Check out episode #949 of The Capitol Connection on WAMC Northeast Public Radio: “Host Alan Chartock is joined by WAMC Hudson Valley bureau chief Susan Barnett, who analyzes the ongoing fight over the proposed Marcellus Shale Formation drilling. They also discuss the political implications of any decisions on the drilling.”
Click here to listen
These free podcasts from WHCU feature interviews with Governor David Paterson and Toxic Targeting president Walter Hang, on natural gas drilling in New York State.
Governor David Paterson–Nov 16, 2009
Gov. Paterson discusses the budget crisis, mid-year school state aid cuts, drilling regulations for the Marcellus Shale, and a gay marriage vote.
Hang: Gas Drilling & DEC–Nov 16, 2009
Toxic Targeting president Walter Hang says he wants the DEC to rescind its environmental impact statement.
Listen to Concerned Citizens of Ulysses’ great radio spot featuring the voices of people from Dimock, Pennsylvania, who have been affected by natural gas drilling. Let’s not let the same devastation happen in our region.
Join us on Thursday, November 19th, 2009:
The New York-based Toxics Targeting went through the Department of Environmental Conservation’s own database of hazardous substances spills over the past thirty years. They found 270 cases documenting fires, explosions, wastewater spills, well contamination and ecological damage related to gas drilling. Many of the cases remain unresolved. The findings are contrary to repeated government assurances that existing natural gas well regulations are sufficient to safeguard the environment and public health. The state is considering allowing for gas drilling in the Marcellus Shale watershed, the source of drinking water for 15 million people, including nine million New Yorkers. Guest: Walter Hang, President of Toxics Targeting, an environmental database firm in Ithaca, New York. (More at Democracy Now)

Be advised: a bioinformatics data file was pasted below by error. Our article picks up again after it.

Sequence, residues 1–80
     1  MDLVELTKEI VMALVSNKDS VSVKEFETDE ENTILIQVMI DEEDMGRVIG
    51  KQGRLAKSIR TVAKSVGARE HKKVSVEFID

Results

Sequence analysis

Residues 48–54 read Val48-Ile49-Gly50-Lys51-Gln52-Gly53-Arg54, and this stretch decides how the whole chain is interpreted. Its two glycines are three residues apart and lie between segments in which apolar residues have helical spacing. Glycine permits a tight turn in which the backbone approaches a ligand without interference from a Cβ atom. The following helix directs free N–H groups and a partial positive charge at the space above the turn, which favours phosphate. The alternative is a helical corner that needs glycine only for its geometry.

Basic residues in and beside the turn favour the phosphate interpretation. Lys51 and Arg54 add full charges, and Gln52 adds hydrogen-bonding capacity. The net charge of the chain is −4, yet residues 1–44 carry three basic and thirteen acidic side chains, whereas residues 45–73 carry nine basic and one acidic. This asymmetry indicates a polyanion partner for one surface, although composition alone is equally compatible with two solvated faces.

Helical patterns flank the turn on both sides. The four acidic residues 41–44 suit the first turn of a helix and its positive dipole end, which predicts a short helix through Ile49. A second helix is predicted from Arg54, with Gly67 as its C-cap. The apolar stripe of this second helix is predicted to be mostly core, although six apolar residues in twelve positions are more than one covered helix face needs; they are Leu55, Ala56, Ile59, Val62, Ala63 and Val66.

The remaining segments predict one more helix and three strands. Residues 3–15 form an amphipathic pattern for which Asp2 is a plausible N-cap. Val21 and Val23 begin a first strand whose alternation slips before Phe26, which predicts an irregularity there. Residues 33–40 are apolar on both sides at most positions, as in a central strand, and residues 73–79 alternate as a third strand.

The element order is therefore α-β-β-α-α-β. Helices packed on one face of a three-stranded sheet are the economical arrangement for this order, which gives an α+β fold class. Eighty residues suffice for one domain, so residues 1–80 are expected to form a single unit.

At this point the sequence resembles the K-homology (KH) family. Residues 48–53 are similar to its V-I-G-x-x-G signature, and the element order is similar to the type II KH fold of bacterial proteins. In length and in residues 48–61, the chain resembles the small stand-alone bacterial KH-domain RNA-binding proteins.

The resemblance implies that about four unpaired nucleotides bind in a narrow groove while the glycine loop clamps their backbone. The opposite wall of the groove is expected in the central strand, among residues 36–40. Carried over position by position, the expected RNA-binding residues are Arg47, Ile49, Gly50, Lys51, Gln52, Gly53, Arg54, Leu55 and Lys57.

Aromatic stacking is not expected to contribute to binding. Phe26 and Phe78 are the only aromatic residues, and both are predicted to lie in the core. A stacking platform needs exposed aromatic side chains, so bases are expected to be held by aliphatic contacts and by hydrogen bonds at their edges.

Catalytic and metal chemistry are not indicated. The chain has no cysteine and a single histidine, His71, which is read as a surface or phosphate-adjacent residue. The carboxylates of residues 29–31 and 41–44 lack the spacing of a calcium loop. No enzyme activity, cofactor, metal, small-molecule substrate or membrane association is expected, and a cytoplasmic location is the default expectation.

Walter Hang writes:
I just posted data at www.toxicstargeting.com for 270 oil and gas spill spills in New York State that have caused fires, explosions, home evacuations, polluted drinking water wells as well as long-term impacts on forests, streams, wetlands, ponds and other waterways.
You can view video of flammable drinking water in Candor, NY reported by a homeowner “who is concerned about natural gas drilling near him.”
I believe these findings destroy the myth that the Department of Environmental Conservation’s current oil and gas regulations are adequate to safeguard the environment and public health. For that reason, I am asking Governor Paterson to withdraw the dSGEIS.
A 10-day radio ad blitz has been initiated on three Cayuga Radio stations directing listeners to learn more about gas drilling by going to the Shaleshock website. Lawn signs with the same directive will be available to people who live in highly trafficked areas. Similar publicity for our cause is being planned but these efforts require money. Please send donations to Social Ventures, 124 Westfield Drive, Ithaca, NY 14850. Please list “Shaleshock radio ads/lawn signs” in the memo line on your check. More ways to support Shaleshock »
Contact NPR to tell them what you think of their recent natural gas drilling coverage. Here’s a response from a Shaleshock member:
Like many in my Upstate New York community, I am incredibly disappointed with your one-sided coverage of horizontal natural gas drilling. Horizontal fracturing of shale deposits requires millions of gallons of water over the 30-year life of each well, there could be thousands of wells in each county, and this water will deplete and then pollute local water supplies. When the water is pumped into the ground to break apart and release the gas from the shale, the water includes dozens of harmful chemicals, the exact composition of which the natural gas industry claims it does not have to make available to the public. When the chemically-laden fracking fluid is pumped back up to the surface, it is stored in lined pools or trucked to treatment facilities. If you had checked with landowners in other states like Wyoming, Texas and Pennsylvania, you would have learned that leaks and spills occur frequently and with little oversight or penalties from over-stretched state EPA officials. Horizontal natural gas wells are poisoning homeowners’ drinking water wells and land. Hydro-fracturing enjoys exemption from the Safe Drinking Water Act, the Clean Water Act, the Clean Air Act, and the Right-to-Know Act. This is unacceptable.
Check out this segment by Jeff Brady on NPR: Face-off Over ‘Fracking’: Water Battle Brews On Hill (Click for an audio link and synopsis)